I was always terrible at magic tricks. Occasionally my mother would play along and ignore my completely obvious tells, but she was the only one. The rest of my family made sure to quickly kill my dreams of becoming a magician. And when Hagrid didn’t come bust down my door at the age of 13 I had to come to terms that magic was not going to be a part of my future. Until I became a librarian…
People look at you like you just turned water into wine, when you are able to help them at the reference desk quickly pull up articles that relate perfectly to their topic. Patrons know that obviously you have been trained in an ancient secret language when you are able to take a random compilation of letters and numbers and take them exactly to the book they are wanting. The largest part of my job is handling our Inter-library loan requests. Before I forward any patron article request out to potential lending libraries I make sure a run a simple Google search for the article title in “quotes.” So far this year I have been able to fill 18% of my article requests instantly.
From a customer service stand-point I love it. I am able to send a patron within minutes an article that they had almost given up hope of gaining access to. Patrons are incredibly happy and they view me as the magical librarian who is able to destroy Elsevier’s pay-wall dementors. Customer satisfaction is high and they are likely to return again and again for their next information incantation need.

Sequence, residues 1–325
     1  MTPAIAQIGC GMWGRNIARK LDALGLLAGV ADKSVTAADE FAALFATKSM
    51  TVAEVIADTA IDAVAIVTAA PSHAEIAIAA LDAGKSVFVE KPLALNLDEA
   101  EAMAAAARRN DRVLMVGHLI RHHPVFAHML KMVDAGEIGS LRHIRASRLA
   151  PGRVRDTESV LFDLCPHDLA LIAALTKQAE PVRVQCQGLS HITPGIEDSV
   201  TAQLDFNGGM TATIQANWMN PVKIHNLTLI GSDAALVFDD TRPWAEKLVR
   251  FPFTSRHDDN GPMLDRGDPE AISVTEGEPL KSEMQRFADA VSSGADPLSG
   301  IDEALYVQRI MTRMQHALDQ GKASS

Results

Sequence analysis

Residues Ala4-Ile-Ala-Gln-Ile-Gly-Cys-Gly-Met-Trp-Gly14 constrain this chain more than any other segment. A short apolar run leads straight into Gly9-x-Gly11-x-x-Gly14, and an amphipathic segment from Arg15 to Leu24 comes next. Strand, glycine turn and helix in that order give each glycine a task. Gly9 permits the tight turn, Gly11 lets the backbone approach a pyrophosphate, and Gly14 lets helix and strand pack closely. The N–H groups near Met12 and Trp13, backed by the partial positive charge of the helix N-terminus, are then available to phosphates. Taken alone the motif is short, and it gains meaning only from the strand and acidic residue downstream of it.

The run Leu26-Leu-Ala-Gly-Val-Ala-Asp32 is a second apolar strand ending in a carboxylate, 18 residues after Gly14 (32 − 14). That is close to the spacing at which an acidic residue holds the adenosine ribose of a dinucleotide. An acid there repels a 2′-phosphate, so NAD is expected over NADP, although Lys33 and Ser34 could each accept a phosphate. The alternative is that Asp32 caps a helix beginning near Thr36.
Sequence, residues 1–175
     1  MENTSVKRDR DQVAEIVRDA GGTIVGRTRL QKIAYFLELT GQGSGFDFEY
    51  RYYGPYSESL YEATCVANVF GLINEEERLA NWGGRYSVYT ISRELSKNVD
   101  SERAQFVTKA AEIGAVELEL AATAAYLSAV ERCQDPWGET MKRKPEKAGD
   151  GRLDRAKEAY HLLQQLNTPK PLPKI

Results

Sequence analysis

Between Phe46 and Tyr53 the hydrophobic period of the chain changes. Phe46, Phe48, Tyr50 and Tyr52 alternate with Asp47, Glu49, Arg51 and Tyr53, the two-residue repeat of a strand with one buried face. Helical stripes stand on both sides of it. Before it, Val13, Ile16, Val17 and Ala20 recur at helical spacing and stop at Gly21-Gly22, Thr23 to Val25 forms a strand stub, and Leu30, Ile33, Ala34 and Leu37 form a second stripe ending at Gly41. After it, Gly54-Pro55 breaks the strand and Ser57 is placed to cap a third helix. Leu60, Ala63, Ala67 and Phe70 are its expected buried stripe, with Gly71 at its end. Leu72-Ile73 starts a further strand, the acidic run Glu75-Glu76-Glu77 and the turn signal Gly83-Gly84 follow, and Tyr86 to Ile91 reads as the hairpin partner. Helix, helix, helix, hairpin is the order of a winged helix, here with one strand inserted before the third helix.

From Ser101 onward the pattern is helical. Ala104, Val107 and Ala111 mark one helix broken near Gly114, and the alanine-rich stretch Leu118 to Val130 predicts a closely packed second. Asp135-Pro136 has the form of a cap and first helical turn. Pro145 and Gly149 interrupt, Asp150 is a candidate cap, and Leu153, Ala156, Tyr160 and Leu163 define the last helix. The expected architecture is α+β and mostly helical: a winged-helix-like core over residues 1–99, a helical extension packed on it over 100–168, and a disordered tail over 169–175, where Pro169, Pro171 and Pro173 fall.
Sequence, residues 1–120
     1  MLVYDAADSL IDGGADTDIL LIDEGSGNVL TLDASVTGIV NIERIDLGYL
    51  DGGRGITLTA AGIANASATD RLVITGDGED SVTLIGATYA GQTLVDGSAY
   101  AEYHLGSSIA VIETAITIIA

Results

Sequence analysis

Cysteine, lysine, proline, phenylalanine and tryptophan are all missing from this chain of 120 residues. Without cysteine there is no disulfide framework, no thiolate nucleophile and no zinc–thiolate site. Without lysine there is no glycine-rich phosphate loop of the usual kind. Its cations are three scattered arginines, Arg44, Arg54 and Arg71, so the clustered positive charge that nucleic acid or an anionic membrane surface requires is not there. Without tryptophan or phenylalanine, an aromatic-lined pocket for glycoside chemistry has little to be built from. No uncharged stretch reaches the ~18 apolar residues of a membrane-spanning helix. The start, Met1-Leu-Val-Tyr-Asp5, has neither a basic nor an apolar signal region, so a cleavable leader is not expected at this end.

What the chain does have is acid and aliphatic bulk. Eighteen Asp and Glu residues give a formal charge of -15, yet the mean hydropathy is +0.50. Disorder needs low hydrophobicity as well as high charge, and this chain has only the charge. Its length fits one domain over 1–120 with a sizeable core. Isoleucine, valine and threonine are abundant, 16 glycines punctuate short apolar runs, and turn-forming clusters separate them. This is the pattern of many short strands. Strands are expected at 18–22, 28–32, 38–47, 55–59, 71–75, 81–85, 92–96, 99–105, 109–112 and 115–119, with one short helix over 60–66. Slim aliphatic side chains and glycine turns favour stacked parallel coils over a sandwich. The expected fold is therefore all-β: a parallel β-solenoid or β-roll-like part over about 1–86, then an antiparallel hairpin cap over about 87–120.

However from an information literacy standpoint, I hate it. I feel like our library and the systems they have interacted with before us have completely failed these students. An LC call number is not a magical code. Patrons should be able to use those numbers to easily locate a specific items, and even beyond that they should have a grasp on the letters and numbers that correspond to their areas of interest. Student’s should understand the research process and be able to stick with their topic and dig up resources even when they don’t appear instantly after one keyword search. They should be able to approach from a different angle, and narrow down their topics using our database filtering tools. And they should know about the amazing open source movement. In the middle of the night when they stumble on that perfect article citation and find that the library doesn’t have immediate full-text access, they should know that hope is not lost. That a quick Google search might rescue their paper due at 8am; and that chances are one out of five times it will!
It is critically important that we remember our goal is not simply to solve a patron’s immediate need, but instead to empower by forming them into information literate individuals. Keep the magic alive; make sure your patrons needs are met and that they have a phenomenal experience. While doing that remember, “A librarian always reveals their secrets”